The parliamentary candidates for Bournemouth East battled out a hustings at Moordown Baptist Church on Wednesday evening, chaired by member of the church John Rosser.
The prospective MP candidates for Bournemouth East are Tobias Ellwood (Conservatives), Jon Nicholas (Liberal Democrats), Alasdair Keddie (Greens) and David Hughes (UKIP). In addition David Stokes, the Labour candidate for Bournemouth West stood in for his brother and Bournemouth East candidate Peter Stokes who was unable to attend.
Since the current constituency for Bournemouth East was created, the seat has been in the hands of Tories and till the dissolution of Parliament at the end of March, Tobias Ellwood represented the constituency. Ellwood has been holding the seat for the past ten years and in General Elections 2010 he gained 48.4 % of all of the votes. Yet this hasn’t scared the rival candidates who are eager to challenge the Conservative majority.
The big questions of the night were more national issues, including austerity, rising poverty, how to tackle climate change and what will the likely hung Parliament look like.
As the prospective candidates for Labour and Conservative seemed rather convinced there will be no hung Parliament because their party will win the overall majority, the rest of the candidates claimed to have a more realistic take on the issue. “The question is rather how hung will Parliament be”, UKIP’s David Hughes summed up, an audience member cheered back “well hung”. However Labour’s David Stokes did not seem convinced and he ruled out any possibility that Labour would enter coalition with Scottish National Party since the SNP ‘wants to split this country’.
Alasdair Keddie from the Green party highlighted how there’s severe issues in Bournemouth East, for example there’s the highest levels of social deprivation in the whole country. Keddie reminded the audience that Bournemouth Borough Council’s budget has been cut by 50% and indicated that the problems will only grow.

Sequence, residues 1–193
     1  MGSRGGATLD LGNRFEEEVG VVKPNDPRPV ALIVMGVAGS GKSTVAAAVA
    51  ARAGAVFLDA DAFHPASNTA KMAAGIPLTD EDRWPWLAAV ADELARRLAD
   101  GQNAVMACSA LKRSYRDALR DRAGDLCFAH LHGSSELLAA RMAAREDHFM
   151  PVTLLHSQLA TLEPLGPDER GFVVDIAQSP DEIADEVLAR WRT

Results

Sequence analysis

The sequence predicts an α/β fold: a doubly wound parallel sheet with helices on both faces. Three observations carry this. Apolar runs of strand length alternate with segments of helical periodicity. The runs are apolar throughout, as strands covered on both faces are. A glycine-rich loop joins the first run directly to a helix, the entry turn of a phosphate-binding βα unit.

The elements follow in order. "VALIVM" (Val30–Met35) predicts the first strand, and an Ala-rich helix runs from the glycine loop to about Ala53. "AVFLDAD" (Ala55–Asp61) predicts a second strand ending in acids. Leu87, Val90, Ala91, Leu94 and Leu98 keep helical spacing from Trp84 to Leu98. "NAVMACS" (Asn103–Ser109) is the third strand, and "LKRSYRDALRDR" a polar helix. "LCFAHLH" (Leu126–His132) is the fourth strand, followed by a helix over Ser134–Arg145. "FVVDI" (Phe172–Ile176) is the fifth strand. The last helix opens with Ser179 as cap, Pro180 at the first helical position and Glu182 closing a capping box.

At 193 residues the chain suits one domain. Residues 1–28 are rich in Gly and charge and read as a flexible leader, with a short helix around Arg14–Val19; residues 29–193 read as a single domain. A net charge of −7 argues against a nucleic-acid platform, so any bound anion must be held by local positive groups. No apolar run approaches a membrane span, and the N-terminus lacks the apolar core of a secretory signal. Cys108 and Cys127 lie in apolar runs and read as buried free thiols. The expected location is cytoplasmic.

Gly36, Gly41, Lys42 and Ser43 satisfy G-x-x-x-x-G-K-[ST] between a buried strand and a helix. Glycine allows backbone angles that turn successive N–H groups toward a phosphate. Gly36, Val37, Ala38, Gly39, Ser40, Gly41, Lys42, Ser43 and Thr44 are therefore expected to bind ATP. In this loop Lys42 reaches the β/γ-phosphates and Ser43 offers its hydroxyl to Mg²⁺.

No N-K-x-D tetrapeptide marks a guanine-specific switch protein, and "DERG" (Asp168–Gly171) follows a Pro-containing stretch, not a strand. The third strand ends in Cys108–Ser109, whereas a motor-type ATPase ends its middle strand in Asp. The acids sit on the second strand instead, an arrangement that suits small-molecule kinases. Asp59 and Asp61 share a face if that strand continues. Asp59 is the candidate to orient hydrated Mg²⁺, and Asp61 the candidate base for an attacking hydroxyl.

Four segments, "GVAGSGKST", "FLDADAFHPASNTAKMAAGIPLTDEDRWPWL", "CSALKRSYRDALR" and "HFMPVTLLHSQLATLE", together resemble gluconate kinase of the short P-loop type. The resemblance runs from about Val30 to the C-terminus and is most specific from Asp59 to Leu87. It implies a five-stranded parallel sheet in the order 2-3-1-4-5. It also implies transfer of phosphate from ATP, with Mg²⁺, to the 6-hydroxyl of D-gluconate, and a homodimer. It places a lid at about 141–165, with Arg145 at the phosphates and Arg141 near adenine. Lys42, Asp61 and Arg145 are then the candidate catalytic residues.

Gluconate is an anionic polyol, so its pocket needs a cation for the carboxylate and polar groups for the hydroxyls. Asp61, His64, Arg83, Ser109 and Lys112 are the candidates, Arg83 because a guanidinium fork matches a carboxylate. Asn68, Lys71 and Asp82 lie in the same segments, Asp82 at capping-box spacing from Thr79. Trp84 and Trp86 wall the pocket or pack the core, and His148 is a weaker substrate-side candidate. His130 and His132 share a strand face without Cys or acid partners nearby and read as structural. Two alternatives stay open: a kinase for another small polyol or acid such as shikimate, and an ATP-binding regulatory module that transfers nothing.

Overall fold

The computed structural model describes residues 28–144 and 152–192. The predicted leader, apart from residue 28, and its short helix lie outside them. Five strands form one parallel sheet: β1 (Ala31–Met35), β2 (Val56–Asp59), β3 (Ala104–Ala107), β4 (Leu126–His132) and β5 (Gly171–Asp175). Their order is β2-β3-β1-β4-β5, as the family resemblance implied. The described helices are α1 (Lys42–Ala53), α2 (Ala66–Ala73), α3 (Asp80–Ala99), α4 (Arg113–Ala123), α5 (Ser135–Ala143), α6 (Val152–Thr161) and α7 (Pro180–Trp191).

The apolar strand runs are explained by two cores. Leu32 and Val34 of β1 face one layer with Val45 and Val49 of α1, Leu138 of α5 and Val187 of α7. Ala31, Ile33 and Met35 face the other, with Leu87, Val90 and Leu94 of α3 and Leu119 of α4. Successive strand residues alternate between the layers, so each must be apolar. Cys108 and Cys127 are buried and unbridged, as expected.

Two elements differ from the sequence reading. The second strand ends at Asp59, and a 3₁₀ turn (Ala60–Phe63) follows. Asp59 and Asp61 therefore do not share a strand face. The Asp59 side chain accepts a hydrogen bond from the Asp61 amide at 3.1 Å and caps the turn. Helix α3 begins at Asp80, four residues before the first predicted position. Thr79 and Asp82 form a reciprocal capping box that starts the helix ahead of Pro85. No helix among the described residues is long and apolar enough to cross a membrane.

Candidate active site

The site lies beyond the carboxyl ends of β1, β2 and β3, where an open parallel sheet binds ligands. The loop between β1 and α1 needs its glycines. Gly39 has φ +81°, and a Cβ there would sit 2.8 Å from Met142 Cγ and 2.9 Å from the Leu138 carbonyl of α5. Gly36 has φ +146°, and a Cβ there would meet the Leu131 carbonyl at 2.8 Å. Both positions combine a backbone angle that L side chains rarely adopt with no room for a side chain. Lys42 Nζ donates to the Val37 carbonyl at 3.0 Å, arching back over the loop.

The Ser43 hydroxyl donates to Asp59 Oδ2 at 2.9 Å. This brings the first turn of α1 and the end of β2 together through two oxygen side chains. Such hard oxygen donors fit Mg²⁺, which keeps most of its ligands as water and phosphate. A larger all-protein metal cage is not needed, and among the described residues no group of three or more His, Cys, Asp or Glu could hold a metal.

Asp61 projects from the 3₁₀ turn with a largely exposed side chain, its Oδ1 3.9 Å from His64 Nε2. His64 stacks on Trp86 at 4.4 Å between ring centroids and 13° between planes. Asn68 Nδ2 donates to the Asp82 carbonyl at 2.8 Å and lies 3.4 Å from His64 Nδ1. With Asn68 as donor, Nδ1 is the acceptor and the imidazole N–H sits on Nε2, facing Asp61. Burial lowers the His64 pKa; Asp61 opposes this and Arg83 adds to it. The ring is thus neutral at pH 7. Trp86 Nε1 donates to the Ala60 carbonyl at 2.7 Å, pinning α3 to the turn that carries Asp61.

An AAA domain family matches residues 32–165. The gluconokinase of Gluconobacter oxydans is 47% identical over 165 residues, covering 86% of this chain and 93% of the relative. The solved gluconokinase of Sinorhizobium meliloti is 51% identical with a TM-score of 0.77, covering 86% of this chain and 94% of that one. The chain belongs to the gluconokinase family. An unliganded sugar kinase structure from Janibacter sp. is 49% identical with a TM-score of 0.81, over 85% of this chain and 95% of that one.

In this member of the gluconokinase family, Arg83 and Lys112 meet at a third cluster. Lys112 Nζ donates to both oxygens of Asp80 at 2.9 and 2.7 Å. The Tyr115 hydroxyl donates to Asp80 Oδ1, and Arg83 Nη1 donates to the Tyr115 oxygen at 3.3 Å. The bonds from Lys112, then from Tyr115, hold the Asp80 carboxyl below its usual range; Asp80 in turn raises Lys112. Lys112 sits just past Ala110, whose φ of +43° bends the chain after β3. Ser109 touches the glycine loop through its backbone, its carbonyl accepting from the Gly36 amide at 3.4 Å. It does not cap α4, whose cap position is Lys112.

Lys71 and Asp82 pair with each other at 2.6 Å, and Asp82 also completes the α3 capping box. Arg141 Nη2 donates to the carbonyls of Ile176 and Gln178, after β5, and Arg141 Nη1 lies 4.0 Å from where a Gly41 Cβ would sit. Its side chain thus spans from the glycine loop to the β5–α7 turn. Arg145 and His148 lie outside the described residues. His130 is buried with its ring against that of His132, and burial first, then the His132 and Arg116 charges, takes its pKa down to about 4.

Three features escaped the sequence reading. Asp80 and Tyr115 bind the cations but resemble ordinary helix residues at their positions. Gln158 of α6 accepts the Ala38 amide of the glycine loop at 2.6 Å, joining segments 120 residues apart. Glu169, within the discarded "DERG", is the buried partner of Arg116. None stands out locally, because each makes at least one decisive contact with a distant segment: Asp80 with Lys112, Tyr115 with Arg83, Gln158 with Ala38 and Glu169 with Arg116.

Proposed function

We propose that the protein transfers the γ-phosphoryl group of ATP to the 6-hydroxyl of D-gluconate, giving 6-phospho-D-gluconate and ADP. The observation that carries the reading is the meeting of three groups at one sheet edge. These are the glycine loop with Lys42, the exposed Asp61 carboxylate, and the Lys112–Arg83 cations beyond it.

Since the hustings were organised by the Baptist Church, topics closely linked with religious values such as same-sex marriage entered the discussion. Whereas the other candidates were a lot more supporting towards gay marriage, UKIP’s David Hughes said he is completely against this disastrous law. When saying he could go on about it, an audience member lost her temper and shouted: “Please don’t, sit down!”.
Another controversial topic that came up was the Navitus Bay wind farm project. Conservatives Tobias Ellwood said that Bournemouth was a wrong place for a wind farm because of tourism. On the contrary Labours David Stokes made a strong stance supporting Navitus Bay and saying there’s been a lot of propaganda against the wind farm.
The debate got even more heated when the discussion turned into zero-hours contracts. Ellwood emphasised how zero-hours contract can give a great freedom for students since they can decide whether they want to work or not. Liberal Democrats Jon Nicholas attacked him saying that people who are happy with zero-hours contracts are like unicorns – he hasn’t seen one or spoken one yet. Alasdair Keddie also confronted Ellwood by saying these contracts only give you slavery not freedom.
In the end of the debate chaos was guaranteed when member of the audience, David Ross interrupted the speaker declaring that he had been denied the opportunity to take part in the debate. Ross is standing as a prospective candidate for Bournemouth Independent Alliance.
In response, Conservatives Tobias Ellwood pleaded that next time around every standing candidate for the constituency should be invited. It’s debatable if this was a sincere act of solidarity or perhaps an attempt to brush up his image after Ellwood was put into a corner following his comments about zero-hours contract.
The Parliamentary seat for Bournemouth East might indeed stay in the hands of Conservatives. What is sure is that the rival candidates are not afraid to challenge this scenario and this became clear at the hustings.